[ ] Who among out-of-town relatives will be the family information center? Use that person as a clearinghouse for other concerned relatives.

[ ]Where you will go if you take your pet. Most public shelters will not accept pets. Here are the shelters that do:

Pinellas County: Oak Grove Middle School, 1370 S Belcher Road, Clearwater; Thurgood Marshall Middle School, 3901 22nd Ave. S, St. Petersburg; Dunedin Highland Middle School, 70 Patricia Ave., Dunedin. These shelters will accommodate more than 700 pets total. Preregistration is required: online, at pinellascounty.org, click on "Departments A-Z," then on "Animal Services"; or call (727) 582-2150. Visit pinellascounty.org/emergency/hotels.htm for a list of local hotels and motels that take pets.

Pasco County: No pet-friendly shelters.

Hernando County: Animal Services facility next to the county fairgrounds on U.S. 41.

Hillsborough County: Burnett Middle School, south of Interstate 4 in Seffner; 200 pets and owners; Sickles High School, 7950 Gunn Highway, Tampa; 200 pets and owners. No exotics. No reservations necessary.

If you do take your pet, store in plastic a photo of you and your pet in case you are separated, as well as vaccination paperwork, which is required by shelters and boarding facilities. Label the items with your name and your pet's name including a carrier or crate large enough for your pet to move around. Some other important items:

• ID collar and rabies tag/license and a leash.

• Enough food and treats for two weeks and food and water bowls.

• Medications and care instructions in a waterproof container.

• Newspapers, cat litter, scoop, plastic trash bags for handling waste.

• A comfort item such as a favorite toy or blanket.

• A manual can opener.

How

much

water?

Stock at least a

two-week supply

of commercially bottled water. That means at least

1 gallon

a day per

person.

How

much ice?

As much as you can

fit in the freezer.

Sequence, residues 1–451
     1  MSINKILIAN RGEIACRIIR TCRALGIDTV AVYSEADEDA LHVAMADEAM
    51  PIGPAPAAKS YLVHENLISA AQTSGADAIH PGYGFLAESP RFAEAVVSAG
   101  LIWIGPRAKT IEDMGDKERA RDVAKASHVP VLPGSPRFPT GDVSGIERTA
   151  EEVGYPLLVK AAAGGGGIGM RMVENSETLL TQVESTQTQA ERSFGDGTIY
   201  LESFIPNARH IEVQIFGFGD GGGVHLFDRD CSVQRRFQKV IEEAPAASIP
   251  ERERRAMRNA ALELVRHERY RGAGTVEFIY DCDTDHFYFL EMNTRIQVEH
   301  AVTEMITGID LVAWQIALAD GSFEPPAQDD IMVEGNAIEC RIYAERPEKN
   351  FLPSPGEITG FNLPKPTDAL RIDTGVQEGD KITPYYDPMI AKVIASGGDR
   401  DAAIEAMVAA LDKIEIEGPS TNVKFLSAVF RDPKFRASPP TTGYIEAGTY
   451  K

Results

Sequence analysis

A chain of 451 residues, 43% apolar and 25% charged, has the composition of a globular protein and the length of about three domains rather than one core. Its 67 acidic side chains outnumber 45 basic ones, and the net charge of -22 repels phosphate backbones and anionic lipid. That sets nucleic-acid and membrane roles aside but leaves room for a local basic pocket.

If you lose power,

move it to a cooler.

How

much food?

At least

a 3-day

supply

of nonperishables.

The countdown to landfall has begun. As you watch the hurricane's track, start stockpiling the equipment you'll need to prepare and repair. Get the house and yard buttoned up. These items are available at home centers and hardware stores; prices vary.

weather apps

Keeping track of the weather is important if you decide to stay put for a storm. A weather radio is a must for listening to alerts. If you have a smartphone, these free weather apps can help you.

WeatherBug: This is a real-time customized weather app with local data, live images, maps with radar and animation, seven-day forecast and alerts, with intuitive user interface. Free to $1.99.

The Weather Channel: This app pinpoints your location when it launches, and has features including full-screen interactive radar maps. Free.

iMap Weather Radio: The app sends weather alerts in voice and text forms. If you're on the move, it will update with your current location, which would be perfect if you're evacuating. $9.99 for iOS.

Extension cord

You'll want the heavy-duty variety to power appliances with a generator.

Power up

Portable generators are wonderful, especially if they can keep the air conditioner working. However, you need to have a sound plan before buying one. How much wattage will you need to power all the devices you want to use? What type of connections will you use? Where do you place it to prevent dangerous carbon monoxide from entering your home? Do you know how to safely set it up to prevent electricity from going the wrong way? Home Depot offers a buying guide for generators. You can find it at http://bit.ly/P1o1Up.

Pry bar

Another tool you'll be glad to have if your home is

seriously

damaged.

Duct tape

Not for the windows. Use it to wrap plastic around items you want to protect from moisture, or as a handy holder for general repairs.

Basic hand tools

Have a set of basic tools ready — hammer, screwdrivers, pliers, nails and screws —

to make repairs. Charge cordless tools before

the storm hits.

Fire extinguisher

The last thing you

want during a hurricane

is a fire. Don't use candles or open flames if the

power goes out.

Light the way

Invest in a couple of

battery-powered backup lights that come on when the power goes out.

Flashlight

One per person, with plenty of batteries to last several

days. Or get the kind you power by hand-cranking.

Tarps

Have one on hand for

emergency roof repairs.

Storm tracker

TV/radio

Combination TV/radio picks up weather and NOAA frequencies and has AC/DC power adapters. If power goes out, hand-crank it to power the radio and halogen spotlight.

Plywood

If you don't protect your windows before the storm, you may need plywood afterward to cover broken panes. Approximately half an inch thick; thicker is better.

Handsaw

No power? No problem.

Trim debris by hand.

Chain saw

Learn how to use one safely

to trim branches and cut fallen trees.

Light where you need it

Pick up a couple of battery-powered touch lights for instant, portable illumination. No wiring or outlet needed. Some have a magnet on the back so they can hang on the refrigerator. Forget about candles; they're a fire

hazard.

For cleanup

Bleach, mops, sponges, rags, extra trash bags, long-handled scrapers.

Preparing for the storm 08/23/12 [Last modified: Thursday, August 23, 2012 11:23pm]